Wandering through Old Salem, from which Winston-Salem derives its second half, I was reminded that you needn’t drive deep into the country to enjoy fall color. I was reminded, too, that while the season is always better on foot — more time to linger and enjoy — you don’t necessarily need to walk an unpaved surface.
Last Thursday on a trip down east was my first day on the water and it put me of a mind to spend more time paddling. The quiet, save for the birdsong and the occasional gal-lump of a turtle inelegantly abandoning sunny log for murky water. The wildlife, including an alligator that was even more distracted by the sun and warmth. The emergence of spring, with the pastel buds of green, white and crimson giving the world a soft focus field. The unique calm that only paddling flat water can offer.
The second weekend of summer is perfect for paddling a Carolina Bay, for a taking a high-country hike and for running five races in one.
Summer is ideal for paddling. But it you don’t have your own canoe or kayak, a leisurely day on the water takes on potential hassles. First, you have to find a place to rent a boat (which we’ve made easy with this handy list). Then you have to get the boat to decent place to paddle (again, we’ve got help with that). And you have to watch the clock to make sure you get the boat back on time (sorry, no help there).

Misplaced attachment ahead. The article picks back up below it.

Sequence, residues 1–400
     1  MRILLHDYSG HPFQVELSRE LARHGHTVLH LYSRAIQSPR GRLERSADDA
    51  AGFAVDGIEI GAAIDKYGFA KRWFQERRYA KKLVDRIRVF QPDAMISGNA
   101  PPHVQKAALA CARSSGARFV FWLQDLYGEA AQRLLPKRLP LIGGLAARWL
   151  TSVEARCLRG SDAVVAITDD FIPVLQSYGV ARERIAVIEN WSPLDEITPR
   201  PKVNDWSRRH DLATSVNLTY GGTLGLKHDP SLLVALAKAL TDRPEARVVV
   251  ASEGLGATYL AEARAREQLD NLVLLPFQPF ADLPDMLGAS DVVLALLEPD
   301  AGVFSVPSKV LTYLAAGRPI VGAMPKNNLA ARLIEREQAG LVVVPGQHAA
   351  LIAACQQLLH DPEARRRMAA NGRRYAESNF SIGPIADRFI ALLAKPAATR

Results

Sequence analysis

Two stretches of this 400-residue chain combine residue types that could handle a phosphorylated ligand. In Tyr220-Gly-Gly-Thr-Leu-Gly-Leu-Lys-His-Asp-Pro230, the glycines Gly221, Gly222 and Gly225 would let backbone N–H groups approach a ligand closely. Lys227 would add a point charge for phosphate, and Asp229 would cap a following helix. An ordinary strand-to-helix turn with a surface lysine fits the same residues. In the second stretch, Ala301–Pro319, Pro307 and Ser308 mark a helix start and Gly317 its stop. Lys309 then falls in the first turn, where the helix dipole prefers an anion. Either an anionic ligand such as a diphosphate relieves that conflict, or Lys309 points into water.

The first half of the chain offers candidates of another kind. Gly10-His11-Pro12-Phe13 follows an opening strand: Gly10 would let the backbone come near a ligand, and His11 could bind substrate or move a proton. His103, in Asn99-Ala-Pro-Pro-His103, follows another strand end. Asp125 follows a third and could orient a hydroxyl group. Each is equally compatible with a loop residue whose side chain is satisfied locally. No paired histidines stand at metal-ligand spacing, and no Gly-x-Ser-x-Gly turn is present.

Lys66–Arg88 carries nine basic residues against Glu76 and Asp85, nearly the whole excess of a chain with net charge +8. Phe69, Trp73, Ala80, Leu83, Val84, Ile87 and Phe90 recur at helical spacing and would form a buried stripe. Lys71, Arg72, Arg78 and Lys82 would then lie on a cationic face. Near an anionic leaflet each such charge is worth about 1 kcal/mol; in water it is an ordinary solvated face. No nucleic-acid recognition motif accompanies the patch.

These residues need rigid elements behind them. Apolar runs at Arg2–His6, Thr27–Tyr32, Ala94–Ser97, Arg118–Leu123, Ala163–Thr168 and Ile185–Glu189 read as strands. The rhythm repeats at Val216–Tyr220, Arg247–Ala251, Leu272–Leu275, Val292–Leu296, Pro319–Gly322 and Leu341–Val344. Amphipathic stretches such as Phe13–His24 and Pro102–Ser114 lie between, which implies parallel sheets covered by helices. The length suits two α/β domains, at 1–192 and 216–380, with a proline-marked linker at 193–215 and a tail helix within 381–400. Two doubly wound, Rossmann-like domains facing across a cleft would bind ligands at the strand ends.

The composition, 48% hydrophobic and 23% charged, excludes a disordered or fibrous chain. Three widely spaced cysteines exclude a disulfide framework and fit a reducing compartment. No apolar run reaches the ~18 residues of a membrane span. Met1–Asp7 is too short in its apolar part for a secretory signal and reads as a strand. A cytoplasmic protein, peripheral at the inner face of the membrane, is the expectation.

We run for various reasons. Over the next few days, we’ll run for Boston.
Memorial runs in support of the victims of Monday’s bombings at the Boston Marathon — a phrase that is still incomprehensible to read or hear — are springing up all over the country. Here are the runs we know about in North Carolina:
There are times when you flat-out need to sleep in a tent but don’t have time to get out of town.
Like when the first warm days of the year present themselves and you realize it’s been … how long since you’ve been camping?
Or when you realize the kids have been hibernating behind their screens all winter and need some fresh air.
Or when you’ve had it with work and need to be as far from any electronic reminders of civilization as possible.
Times that you need to be encased in ripstop nylon but don’t have time to be encased in steel, glass and plastic to get there.
For those times, you have your local campground.
You might be surprised at how close the nearest campground is. In the Triangle, for instance, between Jordan Lake and Falls Lake alone, there are more than 1,300 campsites at six campgrounds. And the Triangle is not unique. Charlotte, Greenville, the Triad and Wilmington all have camping opportunities within their city limits.
In our ongoing collaboration with Great Outdoor Provision Co., we have identified five top campgrounds in each of the outdoor retailer’s seven markets (Chapel Hill, Charlotte, Greensboro, Greenville, Raleigh, Wilmington and Winston-Salem). We’ve compiled everything you need to know — from location (down to the latitude and longitude) to number and type of campsites to cost to what activities you can do nearby — to plan a quick trip.
You can find the information in one of two places.